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Wrist Arthroscopy

A wrist arthroscopy is a keyhole operation on the wrist joint. It serves two main purposes. Primarily, it is a visual inspection of the inside of the wrist. Based on the visual inspection, the procedure can also be used to carry out small repairs, either during the same surgery or during a subsequent operation.

What does a wrist arthroscopy involve?

'Arthro-' is the Greek-derived term relating to joints, so 'arthroscopy' means literally to look inside a joint. The instrument used is called an arthroscope: it is a very slender bundle of optical fibres that illuminates the inside of your joint and relays live images to a screen in front of the surgeon.

Usually there are two very small incisions made in the back of your wrist: one is for the visual inspection, the other can be used for other instruments that can help identify and treat the problems at the same time.Because the incisions are so small it is usually possible to recover more quickly from arthroscopy than from other forms of wrist surgery. The procedure is usually performed as a day case.

What can wrist arthroscopy treat?

The aim of a wrist arthroscopy is to detect and treat damaged tissue. This can be relevant to a wide range of wrist complaints, including the following:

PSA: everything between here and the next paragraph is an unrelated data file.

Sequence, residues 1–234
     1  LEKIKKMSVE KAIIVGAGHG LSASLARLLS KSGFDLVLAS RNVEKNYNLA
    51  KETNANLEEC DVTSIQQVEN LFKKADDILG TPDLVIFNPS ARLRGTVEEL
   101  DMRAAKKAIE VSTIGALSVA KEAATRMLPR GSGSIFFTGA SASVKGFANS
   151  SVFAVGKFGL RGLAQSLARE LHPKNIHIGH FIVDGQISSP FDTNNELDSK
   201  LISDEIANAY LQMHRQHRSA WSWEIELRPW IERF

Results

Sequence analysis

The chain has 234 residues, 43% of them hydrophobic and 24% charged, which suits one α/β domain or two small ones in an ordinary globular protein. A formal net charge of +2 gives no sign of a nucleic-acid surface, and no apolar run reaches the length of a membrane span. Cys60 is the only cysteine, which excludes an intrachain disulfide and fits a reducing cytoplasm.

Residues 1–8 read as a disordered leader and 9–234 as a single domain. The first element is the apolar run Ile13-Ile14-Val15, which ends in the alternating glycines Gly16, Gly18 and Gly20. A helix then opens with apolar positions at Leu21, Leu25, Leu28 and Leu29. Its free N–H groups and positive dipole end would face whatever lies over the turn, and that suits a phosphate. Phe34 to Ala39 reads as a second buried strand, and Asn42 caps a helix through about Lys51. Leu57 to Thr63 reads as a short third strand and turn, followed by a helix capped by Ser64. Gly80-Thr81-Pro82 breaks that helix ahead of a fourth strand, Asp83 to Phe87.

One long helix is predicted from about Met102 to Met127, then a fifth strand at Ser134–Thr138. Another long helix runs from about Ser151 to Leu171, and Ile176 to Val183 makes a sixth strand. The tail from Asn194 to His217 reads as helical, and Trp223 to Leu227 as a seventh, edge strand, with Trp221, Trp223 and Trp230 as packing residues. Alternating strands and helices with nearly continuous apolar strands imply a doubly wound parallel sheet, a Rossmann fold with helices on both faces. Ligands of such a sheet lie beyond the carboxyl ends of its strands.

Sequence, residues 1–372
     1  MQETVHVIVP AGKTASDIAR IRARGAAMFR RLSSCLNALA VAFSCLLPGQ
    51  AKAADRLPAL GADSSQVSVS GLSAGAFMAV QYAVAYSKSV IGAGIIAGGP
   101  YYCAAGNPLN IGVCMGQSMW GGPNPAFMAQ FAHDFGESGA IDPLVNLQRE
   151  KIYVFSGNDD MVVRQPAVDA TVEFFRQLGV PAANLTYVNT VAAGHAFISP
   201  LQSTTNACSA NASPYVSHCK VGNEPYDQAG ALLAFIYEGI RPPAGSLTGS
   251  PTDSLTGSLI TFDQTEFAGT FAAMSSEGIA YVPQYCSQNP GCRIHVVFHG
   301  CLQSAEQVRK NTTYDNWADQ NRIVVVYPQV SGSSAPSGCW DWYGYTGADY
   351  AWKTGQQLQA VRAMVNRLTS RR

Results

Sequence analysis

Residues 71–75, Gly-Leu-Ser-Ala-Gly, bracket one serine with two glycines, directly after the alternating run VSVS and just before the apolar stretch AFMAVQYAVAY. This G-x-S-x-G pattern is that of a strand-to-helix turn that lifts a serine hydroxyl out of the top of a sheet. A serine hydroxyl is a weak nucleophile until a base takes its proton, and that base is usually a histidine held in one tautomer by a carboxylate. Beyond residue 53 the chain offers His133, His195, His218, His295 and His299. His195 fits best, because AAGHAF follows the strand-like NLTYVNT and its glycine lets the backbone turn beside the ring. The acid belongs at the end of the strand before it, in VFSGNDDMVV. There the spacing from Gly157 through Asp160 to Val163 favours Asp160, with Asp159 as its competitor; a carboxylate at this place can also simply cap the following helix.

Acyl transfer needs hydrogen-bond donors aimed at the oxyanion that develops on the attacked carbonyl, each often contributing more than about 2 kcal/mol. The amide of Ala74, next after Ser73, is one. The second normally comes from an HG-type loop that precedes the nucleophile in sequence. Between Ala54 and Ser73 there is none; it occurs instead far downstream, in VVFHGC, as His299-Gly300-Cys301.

• Cartilage tears : The triangular fibrocartilage (TFCC) is a 'cushion' between the bones of the wrist joint that can be damaged through injury or wear-and-tear. An arthroscopy can reveal exactly where the damage has occurred; it may be possible to either repair minor tears or remove any loose cartilage.
  • Wrist arthritis or synovitis : These conditions can sometimes be treated by removing or repairing irritated tissue on joint surfaces through keyhole surgery. It may also be possible to trim bone spurs to improve freedom of movement in the wrist.
  • Ulna-impaction syndrome : Under certain conditions ulna-impaction syndrome can be treated through keyhole surgery by removing a tiny amount of bone and cartilage - just enough to prevent it from causing impingement in the wrist. It is sometimes called the "wafer procedure" on account of the thin wafer of bone that is removed.
  • Carpal instability : Some wrist injuries cause ligament tears, which can be difficult to diagnose using scans alone. A wrist arthroscopy can be useful in confirming the type of damage and seeing how it may be treated, which opens up a discussion with you about the options for follow-up surgery.
  • In all cases, the first aim is to confirm exactly what the problem is and in many cases it is possible to carry out surgical treatment at the same time.

    Contact us and make an appointment

    In order to plan a wrist arthroscopy, we will need to be sure the procedure is necessary by making a diagnosis first. Please get in contact with us to make an appointment for an initial discussion.